My post is inspired by Dr Buddhini Samarasinge who critiqued Hall’s conclusions. She discusses how and why scientists use social media, as well as age dynamics. Scientists who have a high publication record have had longer careers, established under a different, and better funded system. They have published more by virtue of the longevity of their careers and the opportunities that come with tenure (long-term and secure academic employment). They are often older and, as I will show, more reticent to use social media. The fact that they have a low K-factor should be a surprise to no one. Early career academics are more likely to be using social media because it is part of their everyday lives. They do not neglect publishing in peer reviewed journals; they do both, but, being more likely to still be studying, or being employed in the early stages, they will not have racked up as many publications. Buddhini argues that scientific publishing and social media do not have to be discreet activities. One does not invalidate the other. Instead they are complimentary to the public communication of science.

It is clear that Hall’s K-Index attempts to demean the outreach work of scientists by pitting academic publishing against social media. I want to focus on the hidden narrative of gender and science morality in Hall’s article.

Science should never be an old boy's club. Diversity matters
Science should never be an old boy’s club. Diversity matters. Photo adapted from Flickr

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Everyday Sexism in Academia

Last week, I co-hosted a panel discussion by STEM Women on Everyday Sexism in Academia, along with Dr Buddhini Samarasinghe a Molecular Biologist from the UK. Our guests were Professor Rajini Rao PhD  in Biochemistry who runs her own lab at Johns Hopkins University USA, and Dr Tommy Leung, Evolutionary Biologist with the University of New England, Australia. The video covers five scenarios that arise in early career academic life: sexist comments that undermine women’s confidence; sexism in publishing; “tone policing” how women speak; a mentor who inappropriately asks a junior researcher on a date; and the way in which women scientists are spoken about in stereotypically gendered ways. For example, women are described as mothers and wives first, and scientists second, while men are just “scientists.” In this post I cover the highlights of our discussion. First, I provide an overview of the sociological definitions of sexism, and how everyday experiences of sexism feed into broader patterns of sexual harassment and gender discrimination.

 

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Adapting Sociological Teaching and Learning for Online Environments

ImageA new sociological study finds that students who study online perceive that they have learned less in comparison to students who attend face-to-face lectures. The researchers, Kelly Bergstrand and Scott Savage, find that online students also feel they have been treated with less respect by their lecturers and they generally rate their courses more negatively. Is there an issue with the way sociology is taught specifically that does not translate well to an online environment, or is there something broader at play? Today’s post examines the skills and resources that sociology demands of students, and questions whether the training and delivery of these skills are being adequately supported by the higher education system. I also discuss the influence of larger online courses that are offered “free” to the public and how this relates to funding cuts and a push for online learning in the tertiary sector.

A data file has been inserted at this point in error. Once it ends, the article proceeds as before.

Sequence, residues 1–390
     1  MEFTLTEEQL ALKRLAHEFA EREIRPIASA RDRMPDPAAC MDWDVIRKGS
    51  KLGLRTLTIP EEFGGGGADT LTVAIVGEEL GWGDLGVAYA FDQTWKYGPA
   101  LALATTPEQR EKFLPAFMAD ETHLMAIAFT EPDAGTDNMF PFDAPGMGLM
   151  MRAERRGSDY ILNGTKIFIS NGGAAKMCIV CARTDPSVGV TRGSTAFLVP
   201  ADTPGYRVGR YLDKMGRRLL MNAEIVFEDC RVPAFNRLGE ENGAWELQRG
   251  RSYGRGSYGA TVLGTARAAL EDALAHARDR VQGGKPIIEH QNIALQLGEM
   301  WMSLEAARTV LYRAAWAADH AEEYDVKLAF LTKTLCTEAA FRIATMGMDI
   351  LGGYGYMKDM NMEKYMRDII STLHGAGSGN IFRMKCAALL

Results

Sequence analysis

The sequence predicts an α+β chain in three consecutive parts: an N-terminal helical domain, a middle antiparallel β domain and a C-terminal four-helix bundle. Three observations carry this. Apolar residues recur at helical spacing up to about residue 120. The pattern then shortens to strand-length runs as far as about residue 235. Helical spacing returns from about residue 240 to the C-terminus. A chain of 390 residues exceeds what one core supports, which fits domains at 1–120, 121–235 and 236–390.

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Sociology for What, Who, Where and How? Situating Applied Sociology in Action

Photo by mapgirl271 via Flickr. Text: The Other Sociologist

By Zuleyka Zevallos

The discipline of sociology has grappled with several overlapping issues regarding the purpose and utility of our profession beyond its intellectual pursuit. Debates about the social impact of sociology have been historically centred on three questions relevant to applied sociology – which I define here as sociology conducted outside universities for particular clients. These questions are: sociology for what?sociology for whom?; and sociology for where? In today’s post, I will discuss the who, what and where of sociology, before introducing a fourth question that is so taken-for-granted we don’t spend much time talking about it in any concrete way. That is: how do we actually do sociology outside traditional academic research? We assume sociologists can go out into the world and apply their training to different problems. But what kind of problems do we work on and how do we actually carry out the work in different places? I argue  that applied sociology is set up as the “other” of academic sociology because of the context in which we practice our craft. This stops sociologists from engaging with one another effectively, and hinders the transformational work we do separately with our respective audiences.

I seek to build upon the framework discussed in this post for a series exploring the practicalities of doing sociology outside academia. I hope that the ideas explored here and in future posts can open up dialogue about how to better address collaboration  between academic and applied sociologists.